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Potatoes harvested fresh from the garden are full of flavor and so versatile in meal planning, plus they are a nutritional mother lode, high in vitamin C, potassium, fiber and protein, all with no fat. The skin of the potato contains the majority of the potato’s fiber and many of the nutrients are located close to the skin, so take advantage of recipes that are ‘skin on’. Potatoes are easy to grow as long as they have full sun, moderate temperatures, and light, rich, acidic, well-drained soil. Try varieties with colors, shapes and flavors you won't find in the supermarket.
To ensure highest quality and yields, purchase certified potato seed tubers. Certified potatoes have been grown under strict guidelines to produce tubers that are virus and disease free. Saving tubers from your garden to replant year after year will eventually result in decreased yields, smaller tubers and more potato diseases. Also, you do not want to plant tubers purchased from a grocery store as they have usually been treated with sprout inhibitors, and as a result, would have difficulty growing. The potatoes we sell for planting are all ‘certified’ seed stock.
Prior to Planting: If you purchased certified whole potatoes, you need to cut and cure them prior to planting. Making planting pieces is a simple process. First, inspect the tuber for “eyes.” These are the sprouts that are contained in the indentations of the potato and will grow into potato plants. Some of the eyes are very small and you will have to look carefully for them. Cut the tubers in half and then cut the pieces so they have 1 or 2 eyes per piece. The pieces should be about the size of golf balls or no larger than chicken eggs. Small tubers can simply be cut in half. It is best if the pieces are cut 5 to 10 days prior to planting so the tuber has a chance to develop a callus tissue over the cut surface. The pieces should be kept at room temperature to let this ‘healing’ or ‘curing’ process take place. A light dusting with lime is beneficial, but not absolutely necessary. This curing process helps protect the potato piece from being attacked by soil microbes that could rot it before it has a chance to grow. If soil is warm and good quality, the curing process is not absolutely necessary. Also, if you purchased pre-cut sets, they have already been cut, dried and cured, making them ready for immediate planting.
Planting Guidelines: Potatoes prefer a well-drained, deeply worked soil that is a bit on the acid side with a pH between 5.5 and 6.0. A pH above 6.0 may result in an increase of common scab on the tubers.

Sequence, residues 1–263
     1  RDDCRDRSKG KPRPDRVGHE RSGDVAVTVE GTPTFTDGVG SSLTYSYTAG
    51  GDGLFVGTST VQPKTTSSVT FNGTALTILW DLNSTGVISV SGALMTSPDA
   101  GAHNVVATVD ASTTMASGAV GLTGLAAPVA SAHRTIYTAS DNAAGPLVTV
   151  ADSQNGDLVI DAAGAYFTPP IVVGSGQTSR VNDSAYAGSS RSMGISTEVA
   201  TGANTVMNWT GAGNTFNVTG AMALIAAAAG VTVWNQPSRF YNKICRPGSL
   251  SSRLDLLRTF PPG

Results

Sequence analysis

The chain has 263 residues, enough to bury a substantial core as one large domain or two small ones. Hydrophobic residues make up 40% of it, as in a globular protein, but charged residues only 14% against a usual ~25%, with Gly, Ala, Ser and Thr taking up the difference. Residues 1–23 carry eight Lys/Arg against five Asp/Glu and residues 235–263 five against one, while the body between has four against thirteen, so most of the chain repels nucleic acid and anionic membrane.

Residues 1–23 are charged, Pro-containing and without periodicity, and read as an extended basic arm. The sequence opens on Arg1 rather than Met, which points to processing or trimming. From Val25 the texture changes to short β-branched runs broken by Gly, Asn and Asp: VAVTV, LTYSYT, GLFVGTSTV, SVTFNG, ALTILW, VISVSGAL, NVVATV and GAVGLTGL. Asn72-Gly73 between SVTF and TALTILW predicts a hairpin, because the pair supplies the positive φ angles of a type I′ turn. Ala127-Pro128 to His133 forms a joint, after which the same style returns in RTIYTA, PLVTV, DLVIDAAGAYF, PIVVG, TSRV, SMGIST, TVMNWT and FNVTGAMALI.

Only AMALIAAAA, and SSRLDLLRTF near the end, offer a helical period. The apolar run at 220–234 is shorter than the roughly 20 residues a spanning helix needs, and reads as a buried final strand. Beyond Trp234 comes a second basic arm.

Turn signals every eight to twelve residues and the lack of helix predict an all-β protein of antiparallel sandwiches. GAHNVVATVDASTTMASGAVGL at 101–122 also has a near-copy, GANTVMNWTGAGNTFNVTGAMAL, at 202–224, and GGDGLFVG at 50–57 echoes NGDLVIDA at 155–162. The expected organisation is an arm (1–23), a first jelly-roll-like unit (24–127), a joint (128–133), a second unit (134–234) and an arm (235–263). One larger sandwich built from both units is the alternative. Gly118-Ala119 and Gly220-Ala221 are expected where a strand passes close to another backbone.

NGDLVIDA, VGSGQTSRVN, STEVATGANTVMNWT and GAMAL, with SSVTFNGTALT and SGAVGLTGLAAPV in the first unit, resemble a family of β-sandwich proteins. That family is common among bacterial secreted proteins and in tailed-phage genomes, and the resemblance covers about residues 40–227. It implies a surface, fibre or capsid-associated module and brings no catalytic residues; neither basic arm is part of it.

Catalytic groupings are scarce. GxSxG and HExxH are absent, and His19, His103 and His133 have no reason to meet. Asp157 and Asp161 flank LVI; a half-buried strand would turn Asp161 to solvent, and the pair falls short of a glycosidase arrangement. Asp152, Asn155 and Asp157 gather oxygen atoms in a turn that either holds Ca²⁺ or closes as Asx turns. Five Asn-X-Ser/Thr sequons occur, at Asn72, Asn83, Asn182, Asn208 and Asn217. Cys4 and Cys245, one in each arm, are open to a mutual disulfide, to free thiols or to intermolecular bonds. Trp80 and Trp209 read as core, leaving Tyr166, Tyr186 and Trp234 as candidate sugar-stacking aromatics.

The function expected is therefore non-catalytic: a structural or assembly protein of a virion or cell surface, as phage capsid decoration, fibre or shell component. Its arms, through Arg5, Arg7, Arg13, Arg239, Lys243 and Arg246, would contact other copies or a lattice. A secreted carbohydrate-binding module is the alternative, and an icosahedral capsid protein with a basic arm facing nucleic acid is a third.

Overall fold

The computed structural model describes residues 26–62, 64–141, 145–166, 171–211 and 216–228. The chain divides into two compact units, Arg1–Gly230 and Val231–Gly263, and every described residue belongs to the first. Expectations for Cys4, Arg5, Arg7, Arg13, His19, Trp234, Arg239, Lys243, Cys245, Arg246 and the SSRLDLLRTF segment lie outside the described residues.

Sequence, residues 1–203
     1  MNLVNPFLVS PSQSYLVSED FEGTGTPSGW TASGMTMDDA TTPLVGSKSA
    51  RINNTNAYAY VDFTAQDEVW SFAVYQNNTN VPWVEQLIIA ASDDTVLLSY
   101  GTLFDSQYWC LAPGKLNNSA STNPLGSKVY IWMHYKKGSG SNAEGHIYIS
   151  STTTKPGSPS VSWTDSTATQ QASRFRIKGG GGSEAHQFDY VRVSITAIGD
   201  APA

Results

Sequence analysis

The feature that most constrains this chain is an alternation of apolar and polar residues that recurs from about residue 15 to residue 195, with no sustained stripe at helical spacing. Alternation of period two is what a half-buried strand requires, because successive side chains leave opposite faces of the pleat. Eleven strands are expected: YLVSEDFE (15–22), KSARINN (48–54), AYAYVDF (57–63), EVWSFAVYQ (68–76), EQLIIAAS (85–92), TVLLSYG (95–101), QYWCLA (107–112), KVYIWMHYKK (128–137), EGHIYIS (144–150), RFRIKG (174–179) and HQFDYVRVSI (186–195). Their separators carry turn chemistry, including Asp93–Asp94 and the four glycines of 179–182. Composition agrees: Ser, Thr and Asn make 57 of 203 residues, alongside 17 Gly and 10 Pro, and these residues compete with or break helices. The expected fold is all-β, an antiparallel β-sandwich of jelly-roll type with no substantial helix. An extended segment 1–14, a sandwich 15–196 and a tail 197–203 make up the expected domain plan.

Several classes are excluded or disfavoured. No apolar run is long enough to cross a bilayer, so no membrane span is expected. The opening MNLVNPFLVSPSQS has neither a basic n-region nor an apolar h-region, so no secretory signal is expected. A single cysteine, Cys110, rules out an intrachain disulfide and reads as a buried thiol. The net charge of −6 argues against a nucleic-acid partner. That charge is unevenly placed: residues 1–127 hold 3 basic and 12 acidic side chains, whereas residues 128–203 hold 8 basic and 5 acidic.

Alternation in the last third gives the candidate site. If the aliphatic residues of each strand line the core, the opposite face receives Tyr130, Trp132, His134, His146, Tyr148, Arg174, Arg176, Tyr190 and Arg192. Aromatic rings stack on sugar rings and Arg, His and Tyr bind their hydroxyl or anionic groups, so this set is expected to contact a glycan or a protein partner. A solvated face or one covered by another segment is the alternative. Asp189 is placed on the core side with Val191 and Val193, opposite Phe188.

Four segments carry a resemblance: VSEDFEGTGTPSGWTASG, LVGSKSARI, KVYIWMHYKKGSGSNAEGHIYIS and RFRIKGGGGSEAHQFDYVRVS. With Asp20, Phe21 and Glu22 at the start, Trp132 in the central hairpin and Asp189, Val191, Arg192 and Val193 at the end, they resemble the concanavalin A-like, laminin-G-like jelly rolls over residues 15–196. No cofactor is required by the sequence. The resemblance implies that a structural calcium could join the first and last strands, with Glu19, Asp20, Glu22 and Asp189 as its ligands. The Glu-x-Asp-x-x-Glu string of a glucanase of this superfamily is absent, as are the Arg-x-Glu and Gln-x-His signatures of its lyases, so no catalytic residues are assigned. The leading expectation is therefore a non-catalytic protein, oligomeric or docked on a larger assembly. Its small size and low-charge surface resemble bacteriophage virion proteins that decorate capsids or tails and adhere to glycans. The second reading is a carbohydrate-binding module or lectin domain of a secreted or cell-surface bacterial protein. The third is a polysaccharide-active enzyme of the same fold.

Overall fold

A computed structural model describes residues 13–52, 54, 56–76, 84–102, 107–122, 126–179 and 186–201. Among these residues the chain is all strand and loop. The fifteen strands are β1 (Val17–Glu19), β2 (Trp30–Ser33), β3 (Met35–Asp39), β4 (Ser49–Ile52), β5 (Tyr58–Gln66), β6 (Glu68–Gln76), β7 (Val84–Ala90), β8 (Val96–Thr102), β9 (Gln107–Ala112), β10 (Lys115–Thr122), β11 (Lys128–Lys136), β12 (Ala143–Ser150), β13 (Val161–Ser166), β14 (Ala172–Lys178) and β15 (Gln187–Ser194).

Ideal temperatures for growing potatoes are 65 to 80 during the day and 55 to 65 degrees at night. Do not plant seed potatoes until soil temperature reaches 45 degrees F. We recommend a soil temperature of 55 degrees F. to be on the safe side. If soil is cold and wet, the seed may decay, and if cold and dry, sprouting may be delayed. Potatoes like a soil that is well-balanced in nutrients. Adding garden fertilizer or well-rotted cow manure and compost at planting time is a good way to supply the nutrients they need. Row spacing can be as close as 2’ where space is limited, but we recommend 3’ between rows to allow adequate space for vines to grow and enough room for hilling. Dig a shallow trench 6" to 8" deep and place the seed pieces about 12" to 15" apart in the row. Cover the seed pieces with about 3” of soil. Fill the trench gradually as the vines grow, never covering the vine once it has emerged from the soil.
Hilling Potatoes: Potatoes need a place for the tubers to grow and develop out of sunlight. When the plants are about 8 to 10 inches tall, gently mound the soil to a height of 3 to 6 inches and approximate 12 to 15 inches from the base of the plant. Use care not to damage the plant roots which may extend 8 to 12 inches from the base of the plant. Almost all potatoes form close to the seed piece. This is why it is essential that soil is mounded as the vines grow. If the tubers push out of the soil they will turn green and be inedible.
Watering: In general, 1 inch of water per week by rainfall or irrigation is sufficient. Sandy soils will require more. The root systems are aggressive and usually find enough water. However, periods of dry soil alternating with periods of wet soil can result in poor quality tubers, so even soil moisture levels should be maintained.
An alternative method for growing potatoes is to plant seed pieces shallowly into the soil and cover with a thick layer of clean straw or other weed-free mulch. Add more mulch as needed to keep light from reaching potatoes (a foot or more of mulch may be required). Tubers grown this way can be easily harvested by pulling back the mulch after the plants die. This is similar to the ‘Bale Gardening’ method described on our website (read more about Bale Gardening).
And don’t think you can’t grow potatoes due to lack of garden space. Check out our Potato Tubs that allow you to grow delicious, nutritious potatoes even if your balcony is on the 10th floor.